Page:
b nacelle 55

I held up my side of the Nacelle and Nuttboy did the same. They didn't fit. Could the coater have switched components? Could they have been bent in shipping? Didn't appear so. Perhaps the metal shields flexed in the 425 degrees of heat. We were stuck. I called Steve at Custom Powder Coating. There was no way the nacelle was damaged, but maybe, just maybe the 425 degrees of heat allowed one side of the Nacelle to flex. We may never know.

The next day, in the mail, I discovered the new Harley 2003 Genuine Motor Accessories and Genuine Motor Parts Spring Supplement. On the cover was a fully blacked out King front end. I ordered two new nacelle covers.

b nacelle instal 

A couple weeks later the new nacelle covers arrived. They don't come with the rubber headlight fasteners. You need eight and I ran to the local H-D dealership. They were an inexpensive 4.97 for all eight. They slip right into place. We replaced the rubber cable guides and the nacelle was ready to be replaced. With it held in place with the side, stainless, dome nuts we slipped the blacked riser cover down over the nacelle lip, which held it in place. Then I replaced the two Phillips screws in the riser cover with blue Loctite, then popped the plastic fork lock guide in place. I was then faced with the most awkward screw on the King. The thin Phillips screw that holds down the front of the riser cover. I had to slip a massive washer in under the top of the nacelle and line it up with the screw. I rocked the bolt to hold the washer while slipping the 5/16 nut in under the nacelle and lined it up. With Loctite on the screw I tightened it down carefully holding the open end wrench with one finger while working a Phillips screwdriver on top while Sin Wu pressed the Nacelle halves together. Quit a trick.

touch up paint 

After the bike was assembled I touched up fasteners with good old Rustoleum. I've used it all my life and still can't spell the word.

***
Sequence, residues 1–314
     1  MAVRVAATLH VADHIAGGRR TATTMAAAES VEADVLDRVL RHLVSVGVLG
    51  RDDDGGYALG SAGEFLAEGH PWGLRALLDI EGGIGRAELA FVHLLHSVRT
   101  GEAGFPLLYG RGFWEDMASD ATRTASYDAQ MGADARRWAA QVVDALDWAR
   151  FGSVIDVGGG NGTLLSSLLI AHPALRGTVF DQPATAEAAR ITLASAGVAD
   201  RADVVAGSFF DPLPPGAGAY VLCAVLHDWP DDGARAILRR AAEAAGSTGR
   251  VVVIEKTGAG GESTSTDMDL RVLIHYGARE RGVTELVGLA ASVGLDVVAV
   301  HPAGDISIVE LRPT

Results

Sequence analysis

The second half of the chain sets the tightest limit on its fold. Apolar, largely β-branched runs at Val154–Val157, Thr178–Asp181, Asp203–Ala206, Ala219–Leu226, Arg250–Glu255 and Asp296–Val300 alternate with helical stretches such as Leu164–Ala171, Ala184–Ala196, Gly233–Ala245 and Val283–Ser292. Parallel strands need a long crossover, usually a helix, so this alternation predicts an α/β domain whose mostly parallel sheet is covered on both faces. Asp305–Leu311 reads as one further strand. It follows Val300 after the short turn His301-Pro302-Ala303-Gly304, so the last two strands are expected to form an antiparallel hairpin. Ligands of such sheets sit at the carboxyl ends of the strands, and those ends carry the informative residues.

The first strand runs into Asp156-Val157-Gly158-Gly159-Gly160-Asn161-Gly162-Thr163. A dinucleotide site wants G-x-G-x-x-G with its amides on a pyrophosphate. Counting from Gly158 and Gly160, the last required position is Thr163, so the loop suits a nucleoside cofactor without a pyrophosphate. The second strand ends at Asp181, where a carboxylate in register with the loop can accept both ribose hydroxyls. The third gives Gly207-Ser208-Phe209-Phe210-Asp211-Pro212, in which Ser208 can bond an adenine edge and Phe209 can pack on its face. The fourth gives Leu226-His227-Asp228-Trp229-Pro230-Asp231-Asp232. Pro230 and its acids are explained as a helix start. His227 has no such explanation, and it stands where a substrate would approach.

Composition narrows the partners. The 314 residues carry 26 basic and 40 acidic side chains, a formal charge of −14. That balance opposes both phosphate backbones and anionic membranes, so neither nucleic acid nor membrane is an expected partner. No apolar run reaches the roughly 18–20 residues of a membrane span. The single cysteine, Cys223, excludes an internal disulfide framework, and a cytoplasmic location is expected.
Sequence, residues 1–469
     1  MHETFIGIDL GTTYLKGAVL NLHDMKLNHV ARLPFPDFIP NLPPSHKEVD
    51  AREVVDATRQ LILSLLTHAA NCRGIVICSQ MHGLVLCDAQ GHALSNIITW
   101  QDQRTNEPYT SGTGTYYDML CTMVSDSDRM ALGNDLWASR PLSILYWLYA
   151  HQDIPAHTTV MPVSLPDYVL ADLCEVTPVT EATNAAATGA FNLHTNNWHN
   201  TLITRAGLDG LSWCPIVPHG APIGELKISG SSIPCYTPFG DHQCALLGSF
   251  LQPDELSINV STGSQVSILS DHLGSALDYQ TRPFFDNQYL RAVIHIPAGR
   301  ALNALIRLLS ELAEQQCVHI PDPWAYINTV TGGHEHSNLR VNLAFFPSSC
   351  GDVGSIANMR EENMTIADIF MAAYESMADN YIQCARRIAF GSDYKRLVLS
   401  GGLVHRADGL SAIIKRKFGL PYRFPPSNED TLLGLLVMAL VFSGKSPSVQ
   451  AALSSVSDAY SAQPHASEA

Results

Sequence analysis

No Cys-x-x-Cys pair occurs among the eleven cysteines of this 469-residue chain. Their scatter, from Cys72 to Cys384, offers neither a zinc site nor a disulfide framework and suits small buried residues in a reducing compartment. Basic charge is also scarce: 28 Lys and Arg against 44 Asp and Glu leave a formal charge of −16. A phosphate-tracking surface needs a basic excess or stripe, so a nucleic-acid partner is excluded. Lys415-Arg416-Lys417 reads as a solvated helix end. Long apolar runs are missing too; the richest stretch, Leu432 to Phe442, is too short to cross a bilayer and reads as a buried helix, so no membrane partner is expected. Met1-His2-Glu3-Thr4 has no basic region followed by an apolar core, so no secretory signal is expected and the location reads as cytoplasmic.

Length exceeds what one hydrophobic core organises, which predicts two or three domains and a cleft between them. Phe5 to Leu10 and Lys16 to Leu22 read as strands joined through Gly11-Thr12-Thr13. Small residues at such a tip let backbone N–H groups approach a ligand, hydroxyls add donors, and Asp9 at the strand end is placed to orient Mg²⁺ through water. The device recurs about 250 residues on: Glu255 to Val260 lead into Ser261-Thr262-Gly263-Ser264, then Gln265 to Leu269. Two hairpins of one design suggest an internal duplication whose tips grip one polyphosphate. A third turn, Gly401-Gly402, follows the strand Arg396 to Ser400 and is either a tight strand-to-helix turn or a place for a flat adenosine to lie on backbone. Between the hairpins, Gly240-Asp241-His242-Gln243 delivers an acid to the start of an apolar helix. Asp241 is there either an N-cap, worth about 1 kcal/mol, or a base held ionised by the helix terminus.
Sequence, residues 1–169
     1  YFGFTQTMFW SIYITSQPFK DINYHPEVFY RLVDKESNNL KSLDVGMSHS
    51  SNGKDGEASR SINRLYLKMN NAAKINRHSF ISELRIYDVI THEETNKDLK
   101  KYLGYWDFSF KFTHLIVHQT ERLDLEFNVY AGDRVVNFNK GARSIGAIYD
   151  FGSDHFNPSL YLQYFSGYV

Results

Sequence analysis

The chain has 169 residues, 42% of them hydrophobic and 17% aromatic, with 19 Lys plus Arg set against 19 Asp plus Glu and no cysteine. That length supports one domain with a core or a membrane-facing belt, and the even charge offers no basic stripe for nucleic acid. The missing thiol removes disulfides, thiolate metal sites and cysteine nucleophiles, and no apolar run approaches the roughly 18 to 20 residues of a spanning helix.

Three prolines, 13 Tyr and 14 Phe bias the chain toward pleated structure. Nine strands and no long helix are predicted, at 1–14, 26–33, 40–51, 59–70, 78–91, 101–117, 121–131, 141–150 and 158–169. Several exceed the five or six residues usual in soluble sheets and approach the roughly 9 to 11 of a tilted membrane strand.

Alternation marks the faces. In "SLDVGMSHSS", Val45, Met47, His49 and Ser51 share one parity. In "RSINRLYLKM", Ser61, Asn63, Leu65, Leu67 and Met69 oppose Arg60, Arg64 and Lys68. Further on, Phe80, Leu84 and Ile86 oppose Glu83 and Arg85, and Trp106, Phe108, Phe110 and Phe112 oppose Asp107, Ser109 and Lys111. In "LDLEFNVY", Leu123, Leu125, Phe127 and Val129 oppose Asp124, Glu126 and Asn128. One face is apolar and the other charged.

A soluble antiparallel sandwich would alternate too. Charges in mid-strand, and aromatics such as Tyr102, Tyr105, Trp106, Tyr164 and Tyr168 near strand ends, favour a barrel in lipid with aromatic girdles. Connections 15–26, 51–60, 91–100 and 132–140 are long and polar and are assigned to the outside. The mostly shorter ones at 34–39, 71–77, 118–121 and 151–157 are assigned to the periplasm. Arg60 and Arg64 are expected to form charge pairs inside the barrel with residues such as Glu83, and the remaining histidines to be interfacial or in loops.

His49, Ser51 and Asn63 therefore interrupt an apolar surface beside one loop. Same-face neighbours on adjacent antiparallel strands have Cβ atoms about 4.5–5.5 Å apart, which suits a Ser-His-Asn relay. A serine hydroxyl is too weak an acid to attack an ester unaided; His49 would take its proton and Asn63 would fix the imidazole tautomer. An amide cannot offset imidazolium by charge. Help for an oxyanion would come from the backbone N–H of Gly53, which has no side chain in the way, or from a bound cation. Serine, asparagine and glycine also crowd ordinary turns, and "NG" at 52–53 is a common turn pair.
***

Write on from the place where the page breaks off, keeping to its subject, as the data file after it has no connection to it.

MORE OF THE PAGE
b riser cov. 

Last motion was to replace the nacelle trim before the headlight. The still-chrome trim hooks in the riser cover then one stud slips between the nacelle halves. Another Loctited 5/16th nut spun into place.

nacelle strip 

Then I started the headlight ring. I almost forgot to plug the headlight in, but caught myself. All eight black Phillips screws rolled into place carefully. They're a unique fastener. A brass nut is buried in rubber which slips through a 1/4 inch hole in the nacelle with a lip toward the outside. The screw slips into the rubber grommet until it reaches the buried brass fitting. As it pulls the fitting forward toward the back of the nacelle, the rubber expands creating a bond. Sort of a rubbermounting process for the headlight. Finally we replaced the spring in the blacked out headlight ring and snapped it in place on the top of the headlight assembly, then locked it down with a short Phillips sheet metal screw on the bottom. Done deal.

b king 63

Not a great shot. The bike was still dirty, but you get the notion. Wait until you see the next segment. A few final touches and this puppy will sing.

king by the